When To Plant Cucumbers – Timing Is Everything!


Cucumbers are an easy, rewarding summer crop to grow in the garden. With a bit of extra effort, your plants can be healthy and productive all summer and into the fall.

One of the early decisions you need to make is when to plant your cucumber seeds. Your planting date can make or break your cucumber plants and the potential harvest.

So, in this article, you’ll learn exactly when to plant cucumber seeds. I’ll also go into detail about how to plant cucumbers, both indoor and outside, to set yourself up for success. Let’s get growing!

Cucumber seedlings in pots
Cucumber seedlings.

When To Plant Cucumber Seeds

The first thing to understand about cucumbers is that they are warm season crops. They are very sensitive to cold. As a result, the biggest mistake you can make is planting your cucumbers outdoors before the soil has warmed up.

In general, plant cucumber seeds in mid-spring after the soil has warmed to at least 65°F. Additionally, make sure the air temperatures are also warm, no lower than 60°F overnight. These ideal conditions typically come about 3-4 weeks after the last frost date.

Direct sowing vs. transplanting

Cucumbers can be sensitive to root disturbance, so some growers prefer to direct-sow cucumber seeds outdoors. However, transplanting is also possible, but it is important to be careful to avoid damaging the roots.

There are benefits and drawbacks to each method.

  • For direct sowing, you’ll avoid disturbing the roots, but germination can take longer, and you’ll have to wait for the soil to fully warm before planting.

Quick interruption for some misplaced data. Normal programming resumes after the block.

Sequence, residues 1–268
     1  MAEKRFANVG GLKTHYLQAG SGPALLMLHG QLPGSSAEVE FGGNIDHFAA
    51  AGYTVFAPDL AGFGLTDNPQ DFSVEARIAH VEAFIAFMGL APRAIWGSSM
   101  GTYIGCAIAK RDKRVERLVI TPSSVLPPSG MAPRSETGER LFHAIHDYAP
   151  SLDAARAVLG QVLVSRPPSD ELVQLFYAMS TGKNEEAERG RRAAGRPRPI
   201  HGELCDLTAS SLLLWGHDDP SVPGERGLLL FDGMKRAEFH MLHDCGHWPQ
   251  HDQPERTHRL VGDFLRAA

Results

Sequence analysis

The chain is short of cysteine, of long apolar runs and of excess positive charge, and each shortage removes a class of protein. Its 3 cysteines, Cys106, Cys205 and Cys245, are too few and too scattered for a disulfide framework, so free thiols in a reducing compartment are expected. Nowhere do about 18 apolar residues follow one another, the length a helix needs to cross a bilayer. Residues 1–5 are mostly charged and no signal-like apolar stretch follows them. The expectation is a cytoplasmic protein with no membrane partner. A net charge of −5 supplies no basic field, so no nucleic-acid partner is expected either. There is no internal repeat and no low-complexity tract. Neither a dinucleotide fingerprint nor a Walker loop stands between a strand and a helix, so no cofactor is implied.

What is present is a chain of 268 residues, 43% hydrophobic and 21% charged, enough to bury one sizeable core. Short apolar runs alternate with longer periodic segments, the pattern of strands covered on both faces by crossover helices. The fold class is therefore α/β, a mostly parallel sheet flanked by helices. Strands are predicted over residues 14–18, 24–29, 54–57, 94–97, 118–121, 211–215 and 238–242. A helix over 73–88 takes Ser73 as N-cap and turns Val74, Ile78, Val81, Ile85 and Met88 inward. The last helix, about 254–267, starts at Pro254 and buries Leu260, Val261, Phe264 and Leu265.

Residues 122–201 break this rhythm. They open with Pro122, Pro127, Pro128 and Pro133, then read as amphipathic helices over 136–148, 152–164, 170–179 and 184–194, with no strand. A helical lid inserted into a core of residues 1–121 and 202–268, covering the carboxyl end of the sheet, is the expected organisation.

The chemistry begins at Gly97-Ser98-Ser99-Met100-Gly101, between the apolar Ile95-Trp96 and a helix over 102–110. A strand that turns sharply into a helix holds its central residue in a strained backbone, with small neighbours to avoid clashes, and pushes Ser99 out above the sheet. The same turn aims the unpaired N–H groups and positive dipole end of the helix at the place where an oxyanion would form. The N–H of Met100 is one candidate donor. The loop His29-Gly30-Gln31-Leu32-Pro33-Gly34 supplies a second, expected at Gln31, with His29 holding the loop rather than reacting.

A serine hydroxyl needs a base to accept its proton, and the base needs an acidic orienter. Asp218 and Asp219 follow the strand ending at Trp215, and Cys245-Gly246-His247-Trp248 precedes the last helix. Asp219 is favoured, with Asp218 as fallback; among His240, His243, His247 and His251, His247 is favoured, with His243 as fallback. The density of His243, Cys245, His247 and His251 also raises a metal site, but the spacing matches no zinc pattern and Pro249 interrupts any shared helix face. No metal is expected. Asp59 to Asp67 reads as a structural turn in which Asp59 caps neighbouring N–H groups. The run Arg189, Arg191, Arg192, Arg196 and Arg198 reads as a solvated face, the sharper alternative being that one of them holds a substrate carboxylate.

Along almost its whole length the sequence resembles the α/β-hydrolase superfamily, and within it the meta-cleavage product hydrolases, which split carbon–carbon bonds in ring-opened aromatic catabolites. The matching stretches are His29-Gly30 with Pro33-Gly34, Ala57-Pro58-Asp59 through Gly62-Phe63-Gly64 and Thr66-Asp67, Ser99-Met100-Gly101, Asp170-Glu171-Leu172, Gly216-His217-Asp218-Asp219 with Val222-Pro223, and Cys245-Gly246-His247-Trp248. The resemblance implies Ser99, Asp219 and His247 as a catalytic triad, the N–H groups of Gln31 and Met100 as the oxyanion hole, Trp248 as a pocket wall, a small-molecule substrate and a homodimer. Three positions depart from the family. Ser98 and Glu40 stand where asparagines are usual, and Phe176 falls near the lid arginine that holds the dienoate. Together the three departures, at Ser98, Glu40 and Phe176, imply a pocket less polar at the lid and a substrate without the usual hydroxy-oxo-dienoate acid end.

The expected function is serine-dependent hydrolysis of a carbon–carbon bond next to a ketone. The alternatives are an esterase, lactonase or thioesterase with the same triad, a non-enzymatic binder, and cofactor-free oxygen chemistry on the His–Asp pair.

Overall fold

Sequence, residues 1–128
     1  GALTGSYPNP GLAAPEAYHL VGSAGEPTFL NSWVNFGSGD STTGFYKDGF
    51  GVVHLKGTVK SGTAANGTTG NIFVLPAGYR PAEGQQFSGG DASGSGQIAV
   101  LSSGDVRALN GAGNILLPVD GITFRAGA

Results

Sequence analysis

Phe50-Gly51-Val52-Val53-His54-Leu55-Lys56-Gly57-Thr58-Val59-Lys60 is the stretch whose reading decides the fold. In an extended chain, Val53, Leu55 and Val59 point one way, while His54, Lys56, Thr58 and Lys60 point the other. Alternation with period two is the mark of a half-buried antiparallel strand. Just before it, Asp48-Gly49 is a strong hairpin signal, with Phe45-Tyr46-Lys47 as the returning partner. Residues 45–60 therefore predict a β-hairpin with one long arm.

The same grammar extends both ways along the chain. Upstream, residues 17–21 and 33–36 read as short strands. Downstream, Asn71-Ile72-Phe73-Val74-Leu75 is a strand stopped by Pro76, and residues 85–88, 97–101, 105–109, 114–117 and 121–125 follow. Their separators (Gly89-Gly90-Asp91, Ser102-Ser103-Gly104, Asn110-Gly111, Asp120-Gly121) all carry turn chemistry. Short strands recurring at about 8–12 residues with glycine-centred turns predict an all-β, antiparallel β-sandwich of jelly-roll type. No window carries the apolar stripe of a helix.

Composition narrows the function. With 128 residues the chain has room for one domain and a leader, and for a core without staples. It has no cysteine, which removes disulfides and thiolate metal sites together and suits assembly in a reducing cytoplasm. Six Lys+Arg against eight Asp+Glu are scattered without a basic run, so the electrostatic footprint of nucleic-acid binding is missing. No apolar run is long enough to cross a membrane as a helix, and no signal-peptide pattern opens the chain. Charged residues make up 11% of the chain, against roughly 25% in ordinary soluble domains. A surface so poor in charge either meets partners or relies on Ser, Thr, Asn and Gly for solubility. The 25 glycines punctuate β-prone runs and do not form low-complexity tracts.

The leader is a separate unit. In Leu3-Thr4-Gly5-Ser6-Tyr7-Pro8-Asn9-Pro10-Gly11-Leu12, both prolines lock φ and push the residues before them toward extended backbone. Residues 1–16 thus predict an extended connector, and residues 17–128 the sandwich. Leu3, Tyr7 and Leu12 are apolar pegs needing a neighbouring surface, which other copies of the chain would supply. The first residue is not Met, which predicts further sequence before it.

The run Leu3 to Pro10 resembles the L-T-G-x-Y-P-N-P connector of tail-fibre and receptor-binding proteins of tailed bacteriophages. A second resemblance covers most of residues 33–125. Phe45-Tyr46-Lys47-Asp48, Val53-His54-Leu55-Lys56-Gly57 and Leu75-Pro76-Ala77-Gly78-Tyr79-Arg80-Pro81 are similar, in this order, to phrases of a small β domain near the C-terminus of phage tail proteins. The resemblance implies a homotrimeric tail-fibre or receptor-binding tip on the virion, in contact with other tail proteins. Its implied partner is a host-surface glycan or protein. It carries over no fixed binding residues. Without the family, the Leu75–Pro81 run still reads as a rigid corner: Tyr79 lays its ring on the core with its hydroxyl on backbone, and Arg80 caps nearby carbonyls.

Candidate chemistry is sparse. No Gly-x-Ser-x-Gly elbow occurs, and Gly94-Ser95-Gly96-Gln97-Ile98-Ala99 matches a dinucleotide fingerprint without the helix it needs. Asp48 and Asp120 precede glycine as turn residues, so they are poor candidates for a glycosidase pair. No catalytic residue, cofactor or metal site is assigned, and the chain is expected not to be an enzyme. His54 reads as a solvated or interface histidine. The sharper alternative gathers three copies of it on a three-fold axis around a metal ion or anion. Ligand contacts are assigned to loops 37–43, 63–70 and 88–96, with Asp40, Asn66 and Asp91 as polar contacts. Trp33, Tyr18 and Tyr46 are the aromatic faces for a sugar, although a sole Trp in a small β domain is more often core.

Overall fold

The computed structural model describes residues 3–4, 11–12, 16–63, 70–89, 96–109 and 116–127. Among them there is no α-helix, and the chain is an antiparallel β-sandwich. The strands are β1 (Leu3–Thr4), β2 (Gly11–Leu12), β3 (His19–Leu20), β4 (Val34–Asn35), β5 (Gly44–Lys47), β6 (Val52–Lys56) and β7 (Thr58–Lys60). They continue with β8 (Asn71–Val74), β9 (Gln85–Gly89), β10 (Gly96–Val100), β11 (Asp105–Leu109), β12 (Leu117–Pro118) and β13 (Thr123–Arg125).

• For transplants, you can plant seeds earlier indoors, germination is faster, and you can get an earlier harvest.
Direct sowingTransplanting
No root disturbanceMay cause root disturbance
Must wait longer to plantSow seeds earlier indoors
Seedlings can be vulnerable to pestsCan plant other crops before transplanting
Germination may be slowerFaster germination with seed heating mat

For the best of both worlds, you can sow seeds indoors using bio-degradable pots. Then, simply transplant the entire pot into the soil where it will quickly decompose. The roots are minimally disturbed in the process, leading to a seamless transition.

Since cucumbers like it so warm, it is smart to plant early spring crops in the same location before cucumbers are planted outdoors. Some great options include lettuce, spinach, Asian greens, peas, and even brassicas.

My recommendation is to try both direct-sowing and transplanting to see what works best for you. Each gardener’s situation is different, so work with your environment for the best result.

Planting depth and spacing

When you are ready for planting, make sure you are planting at the right depth and spacing. Cucumber seeds should be planted about ½ inch deep, and plants should be spaced about 12 inches apart in rows.

Planting cucumber seeds
Planting cucumber seeds.

For best results after planting, I have some simple tips for growing healthy cucumbers. Learn how to support the plants, keep them healthy, and harvest properly.

Cucumber Growing Tips

Cucumbers can be grown with very little maintenance. However, there are a few tasks you can take care of during the year to maximize each plant’s productivity and health. Learn more about the ideal cucumber growing conditions here.


First and foremost, cucumbers are climbing plants. They naturally produce tendrils which latch onto nearby objects, helping the plants stay upright. This vertical growth saves space in the garden while also providing better aeration for the plant foliage, reducing disease and producing straighter fruits.

Cucumber growing on vine

Provide your cucumbers with a trellis to climb up vertically. This can be as simple as a couple of wood stakes with trellis netting stapled between. You can also use a cattle panel to bend a simple archway over a raised bed.